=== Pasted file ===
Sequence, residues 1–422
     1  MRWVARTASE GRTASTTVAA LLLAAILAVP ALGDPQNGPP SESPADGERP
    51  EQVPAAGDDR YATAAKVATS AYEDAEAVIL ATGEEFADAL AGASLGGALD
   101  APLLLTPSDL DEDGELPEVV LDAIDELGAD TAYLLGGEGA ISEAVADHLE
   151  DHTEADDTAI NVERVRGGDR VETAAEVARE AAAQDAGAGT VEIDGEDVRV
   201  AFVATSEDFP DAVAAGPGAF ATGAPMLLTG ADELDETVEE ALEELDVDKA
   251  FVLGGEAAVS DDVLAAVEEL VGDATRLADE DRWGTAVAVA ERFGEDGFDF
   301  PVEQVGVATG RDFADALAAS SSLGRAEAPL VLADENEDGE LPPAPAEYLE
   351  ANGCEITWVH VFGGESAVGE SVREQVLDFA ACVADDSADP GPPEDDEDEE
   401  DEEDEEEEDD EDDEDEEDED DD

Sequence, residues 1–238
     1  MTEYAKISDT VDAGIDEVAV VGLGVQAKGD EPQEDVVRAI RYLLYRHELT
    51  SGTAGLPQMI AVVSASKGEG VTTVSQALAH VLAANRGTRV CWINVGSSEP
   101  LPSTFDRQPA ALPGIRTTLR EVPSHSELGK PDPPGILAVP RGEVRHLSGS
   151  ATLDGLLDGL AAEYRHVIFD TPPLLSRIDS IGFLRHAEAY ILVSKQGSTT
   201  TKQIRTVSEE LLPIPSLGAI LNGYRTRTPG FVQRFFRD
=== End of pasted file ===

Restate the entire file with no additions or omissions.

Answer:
Sequence, residues 1–422
     1  MRWVARTASE GRTASTTVAA LLLAAILAVP ALGDPQNGPP SESPADGERP
    51  EQVPAAGDDR YATAAKVATS AYEDAEAVIL ATGEEFADAL AGASLGGALD
   101  APLLLTPSDL DEDGELPEVV LDAIDELGAD TAYLLGGEGA ISEAVADHLE
   151  DHTEADDTAI NVERVRGGDR VETAAEVARE AAAQDAGAGT VEIDGEDVRV
   201  AFVATSEDFP DAVAAGPGAF ATGAPMLLTG ADELDETVEE ALEELDVDKA
   251  FVLGGEAAVS DDVLAAVEEL VGDATRLADE DRWGTAVAVA ERFGEDGFDF
   301  PVEQVGVATG RDFADALAAS SSLGRAEAPL VLADENEDGE LPPAPAEYLE
   351  ANGCEITWVH VFGGESAVGE SVREQVLDFA ACVADDSADP GPPEDDEDEE
   401  DEEDEEEEDD EDDEDEEDED DD

Sequence, residues 1–238
     1  MTEYAKISDT VDAGIDEVAV VGLGVQAKGD EPQEDVVRAI RYLLYRHELT
    51  SGTAGLPQMI AVVSASKGEG VTTVSQALAH VLAANRGTRV CWINVGSSEP
   101  LPSTFDRQPA ALPGIRTTLR EVPSHSELGK PDPPGILAVP RGEVRHLSGS
   151  ATLDGLLDGL AAEYRHVIFD TPPLLSRIDS IGFLRHAEAY ILVSKQGSTT
   201  TKQIRTVSEE LLPIPSLGAI LNGYRTRTPG FVQRFFRD